High school wrestling: A chat with the 2022 champions

Three wrestlers from Clark County high schools won state championships on Saturday

CJ Hamblin was walking around at a mall on Sunday afternoon, a day after his high school wrestling career came to a triumphant conclusion.

He looked up and saw Faith Tarrant.

“We just bumped into each other,” Hamblin said. “I told her, ‘Good job.’”

“You, too,” Tarrant replied.

Talent recognizes talent.

Hamblin, a senior at Mountain View, and Tarrant, a freshman at Prairie, are two of Clark County’s high school wrestling champions this year. The other? Alex Ford, a junior at Prairie.

On Monday, Clark County Today talked to all three champions, to get a feel for what life has been like since Saturday night at the Tacoma Dome.

Hamblin’s victory was expected. There are no sure things in sports, but Hamblin winning a state title was about as close to a sure thing this season. Now wrestling for Mountain View, he previously won two state titles as a Seton Catholic Cougar. He did not get the chance to win four because there was no state tournament last year.

Ford surprised himself a bit with his state title for the Falcons. Going into Mat Classic, the Washington Wrestling Report had him ranked fifth in his weight class. Ford agreed with that assessment, understanding that he had not yet established himself as the best. Then he went and established himself.

Tarrant had taken a few years away from the sport but returned to wrestling after moving to Clark County from Colorado. It was a way to meet new friends. She started her season slow, then peaked at the perfect time.

With the holiday on Monday, Tuesday will be their first day at school as state champions. Yet another reason to celebrate their accomplishments, to get to relive their glory from the Tacoma Dome.

CJ Hamblin, Mountain View, Class 3A 170 pounds

Mountain View’s CJ Hamblin won the Class 3A state title in the 170-pound division. Photo courtesy Tyler Mode
Mountain View’s CJ Hamblin won the Class 3A state title in the 170-pound division. Photo courtesy Tyler Mode

Pin. Pin. Pin. Those were the three results that got Hamblin into the championship match. Hamblin cruised to victory in the finals with a 17-5 major decision over Jake Humphrey of Walla Walla.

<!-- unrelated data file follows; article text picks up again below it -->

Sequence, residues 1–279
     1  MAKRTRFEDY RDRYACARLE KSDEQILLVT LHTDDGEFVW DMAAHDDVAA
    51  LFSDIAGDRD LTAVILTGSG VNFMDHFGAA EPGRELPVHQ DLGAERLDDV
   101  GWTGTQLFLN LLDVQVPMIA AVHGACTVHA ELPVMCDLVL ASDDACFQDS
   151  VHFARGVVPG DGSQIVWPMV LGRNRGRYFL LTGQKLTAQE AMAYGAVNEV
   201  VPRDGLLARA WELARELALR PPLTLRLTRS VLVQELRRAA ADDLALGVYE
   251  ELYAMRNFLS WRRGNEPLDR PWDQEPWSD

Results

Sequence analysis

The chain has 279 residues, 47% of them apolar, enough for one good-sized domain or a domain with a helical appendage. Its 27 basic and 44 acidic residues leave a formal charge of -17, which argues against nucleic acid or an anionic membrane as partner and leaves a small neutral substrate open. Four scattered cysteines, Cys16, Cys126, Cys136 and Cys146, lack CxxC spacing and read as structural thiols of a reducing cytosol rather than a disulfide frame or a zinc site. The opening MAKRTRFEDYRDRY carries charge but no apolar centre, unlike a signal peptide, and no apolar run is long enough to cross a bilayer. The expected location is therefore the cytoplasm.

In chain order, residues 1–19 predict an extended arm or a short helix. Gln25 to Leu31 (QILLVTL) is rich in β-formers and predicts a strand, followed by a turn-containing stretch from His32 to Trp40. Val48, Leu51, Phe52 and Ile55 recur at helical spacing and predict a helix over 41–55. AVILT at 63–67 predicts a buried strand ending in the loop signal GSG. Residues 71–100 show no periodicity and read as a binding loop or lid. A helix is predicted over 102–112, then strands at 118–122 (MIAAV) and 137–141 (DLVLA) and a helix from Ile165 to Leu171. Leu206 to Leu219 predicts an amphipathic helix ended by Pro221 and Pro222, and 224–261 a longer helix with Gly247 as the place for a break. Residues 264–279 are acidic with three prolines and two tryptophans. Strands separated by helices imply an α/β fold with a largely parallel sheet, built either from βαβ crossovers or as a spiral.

Hamblin endured through a different type of pressure than Ford and Tarrant. He was a marked wrestler, the No. 1 seed, the “can’t miss.” 

“There is a difference between being afraid and nervous,” Hamblin said. “You can be nervous, but you just can’t be afraid.”

He also said nerves are a good thing. Even after winning state as a freshman and a sophomore, even if he was the one to beat this season, being nervous means that it means something to the athlete.

So, yes, Hamblin said he did show some nerves before his final Mat Classic.

Then he showed off his skills.

“It was relieving, to be able to say, ‘Alright, I did what I was supposed to do. I finished strong,” Hamblin said. 

He acknowledged he got a little emotional thinking about the end of one chapter and the start of a new one in his life. He will be headed to Oregon State to wrestle for the Beavers.

Then there is his legacy in Washington high school wrestling.

“I wish I had got four, but I’m happy with three,” he said of individual titles.

Again, no guarantees in sports, but had Hamblin been able to compete in four Mat Classics, there was a great opportunity to win all four years. He would have been the 18th boys wrestler to accomplish that feat and first from Clark County.

“I believe in my heart, what God has given me, I would have been a four-time champion for sure,” Hamblin said. “At the same time, I control what I can control. At the end of the day I wasn’t so mad I wasn’t a four-time state champion. That must have been in God’s plan.”

Hamblin will leave high school as the first individual state champion in Seton Catholic history and now a state champion from Mountain View. Hamblin said he loved his time at Seton Catholic but he was interested in new challenges and experiences.

“I wanted to finish my last year with a lot of my friends I grew up with,” Hamblin said. “Felt like it was a good fit for me.”